1. A bit of wood split off; a splinter. [Obs. or Prov. Eng.]
2. A slender piece of anything. Specifically: --
(a) A peg or pin for plugging a hole, as in a cask; a spile.
(b) A metallic rod or pin.
(c) A small roll of paper, or slip of wood, used as a lamplighter, etc.
(d) Mining One of the thick laths or poles driven horizontally ahead on top of a set of the main timbering in advancing a level in loose ground.
Syn: -- forepole; spile4.
3. A little sum of money. [Obs.]
Spill, v. t. [imp. & p. p. Spilt p. pr. & vb. n. Spilling.] To cover or decorate with slender pieces of wood, metal, ivory, etc.; to inlay. [Obs.]
Spill v. t. [imp. & p. p. Spilled or Spilt p. pr. & vb. n. Spilling.]
1. To destroy; to kill; to put an end to. [Obs.]
And gave him to the queen, all at her will
To choose whether she would him save or spill. --Chaucer.
Greater glory think [it] to save than spill. --Spenser.
2. To mar; to injure; to deface; hence, to destroy by misuse; to waste. [Obs.]
They [the colors] disfigure the stuff and spill the whole workmanship. --Puttenham.
Spill not the morning, the quintessence of day, in recreations. --Fuller.
3. To suffer to fall or run out of a vessel; to lose, or suffer to be scattered; -- applied to fluids and to substances whose particles are small and loose; as, to spill water from a pail; to spill quicksilver from a vessel; to spill powder from a paper; to spill sand or flour.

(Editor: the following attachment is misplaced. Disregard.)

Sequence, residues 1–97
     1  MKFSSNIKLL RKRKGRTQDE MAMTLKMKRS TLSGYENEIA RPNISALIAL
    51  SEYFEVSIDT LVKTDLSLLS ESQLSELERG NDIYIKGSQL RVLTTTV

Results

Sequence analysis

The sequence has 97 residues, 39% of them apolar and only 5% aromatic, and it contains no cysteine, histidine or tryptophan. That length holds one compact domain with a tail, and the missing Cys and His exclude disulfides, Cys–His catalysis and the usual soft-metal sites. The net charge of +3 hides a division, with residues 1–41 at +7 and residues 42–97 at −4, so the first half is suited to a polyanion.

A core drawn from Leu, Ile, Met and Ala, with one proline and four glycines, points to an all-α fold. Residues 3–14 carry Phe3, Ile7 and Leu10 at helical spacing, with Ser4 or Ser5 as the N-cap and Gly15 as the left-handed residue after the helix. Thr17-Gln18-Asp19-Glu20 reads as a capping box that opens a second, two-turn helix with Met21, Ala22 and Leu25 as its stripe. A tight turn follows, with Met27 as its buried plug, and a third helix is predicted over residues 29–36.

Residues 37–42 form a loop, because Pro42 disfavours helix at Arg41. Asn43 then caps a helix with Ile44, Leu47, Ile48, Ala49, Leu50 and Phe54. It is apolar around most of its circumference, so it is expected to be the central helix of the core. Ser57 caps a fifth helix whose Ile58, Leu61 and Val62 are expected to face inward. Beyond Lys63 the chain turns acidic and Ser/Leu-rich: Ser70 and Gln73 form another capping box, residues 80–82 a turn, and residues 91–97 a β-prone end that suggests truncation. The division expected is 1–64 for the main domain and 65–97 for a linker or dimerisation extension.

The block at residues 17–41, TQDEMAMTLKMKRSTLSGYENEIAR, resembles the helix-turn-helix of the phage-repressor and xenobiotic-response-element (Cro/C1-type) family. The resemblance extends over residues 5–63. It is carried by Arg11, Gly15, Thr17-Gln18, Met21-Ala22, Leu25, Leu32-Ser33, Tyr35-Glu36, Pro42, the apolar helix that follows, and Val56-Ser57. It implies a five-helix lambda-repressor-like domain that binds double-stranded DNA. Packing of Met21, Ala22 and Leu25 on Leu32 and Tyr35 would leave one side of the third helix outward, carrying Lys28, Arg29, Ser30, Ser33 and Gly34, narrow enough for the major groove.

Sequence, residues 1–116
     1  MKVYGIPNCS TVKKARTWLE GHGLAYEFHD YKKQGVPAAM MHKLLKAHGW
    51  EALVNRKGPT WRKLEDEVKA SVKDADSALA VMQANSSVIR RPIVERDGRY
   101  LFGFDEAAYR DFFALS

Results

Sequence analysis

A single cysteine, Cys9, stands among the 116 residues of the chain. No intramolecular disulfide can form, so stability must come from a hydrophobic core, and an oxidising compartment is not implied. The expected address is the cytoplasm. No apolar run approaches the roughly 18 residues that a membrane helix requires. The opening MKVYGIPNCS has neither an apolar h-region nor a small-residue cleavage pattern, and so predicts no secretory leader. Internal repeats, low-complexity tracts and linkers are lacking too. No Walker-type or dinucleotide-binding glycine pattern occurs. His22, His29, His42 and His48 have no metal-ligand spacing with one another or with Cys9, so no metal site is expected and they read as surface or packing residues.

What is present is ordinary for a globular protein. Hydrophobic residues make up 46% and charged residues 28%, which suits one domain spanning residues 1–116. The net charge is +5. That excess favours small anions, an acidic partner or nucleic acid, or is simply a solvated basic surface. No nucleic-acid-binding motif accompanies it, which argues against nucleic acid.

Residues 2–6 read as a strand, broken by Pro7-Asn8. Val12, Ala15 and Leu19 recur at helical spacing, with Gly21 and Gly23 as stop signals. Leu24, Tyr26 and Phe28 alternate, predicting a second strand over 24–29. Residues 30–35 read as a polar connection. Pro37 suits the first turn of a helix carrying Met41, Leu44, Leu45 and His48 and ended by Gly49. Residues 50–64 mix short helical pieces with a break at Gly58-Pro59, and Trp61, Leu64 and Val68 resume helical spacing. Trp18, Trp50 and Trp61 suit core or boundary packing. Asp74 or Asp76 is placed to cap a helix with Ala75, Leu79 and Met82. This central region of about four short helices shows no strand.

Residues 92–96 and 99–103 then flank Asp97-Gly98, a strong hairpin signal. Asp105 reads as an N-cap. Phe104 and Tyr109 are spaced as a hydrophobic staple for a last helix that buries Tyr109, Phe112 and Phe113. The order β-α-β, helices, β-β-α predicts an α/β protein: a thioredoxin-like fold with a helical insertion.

Note: ☞ Spill differs from pour in expressing accidental loss, -- a loss or waste contrary to purpose.
4. To cause to flow out and be lost or wasted; to shed, or suffer to be shed, as in battle or in manslaughter; as, a man spills another's blood, or his own blood.
And to revenge his blood so justly spilt. --Dryden.
5. Naut. To relieve a sail from the pressure of the wind, so that it can be more easily reefed or furled, or to lessen the strain.
Spilling line Naut., a rope used for spilling, or dislodging, the wind from the belly of a sail.
Spill, v. i.
1. To be destroyed, ruined, or wasted; to come to ruin; to perish; to waste. [Obs.]
That thou wilt suffer innocents to spill. --Chaucer.
2. To be shed; to run over; to fall out, and be lost or wasted. “He was so topful of himself, that he let it spill on all the company.”
n 1: liquid that is spilled; "clean up the spills"
2: a channel that carries excess water over or around a dam or
other obstruction [syn: spillway, wasteweir]
3: the act of allowing a fluid to escape [syn: spillage, release]
4: a sudden drop from an upright position; "he had a nasty
spill on the ice" [syn: tumble, fall]
v 1: cause or allow (a liquid substance) to run or flow from a
container; "spill the milk"; "splatter water" [syn: slop,
2: flow, run or fall out and become lost; "The milk spilled
across the floor"; "The wine spilled onto the table" [syn:
3: cause or allow (a solid substance) to flow or run out or
over; "spill the beans all over the table" [syn: shed, disgorge]
4: pour out in drops or small quantities or as if in drops or
small quantities; "shed tears"; "spill blood"; "God shed
His grace on Thee" [syn: shed, pour forth]
5: reveal information; "If you don't oblige me, I'll talk!";
"The former employee spilled all the details" [syn: talk]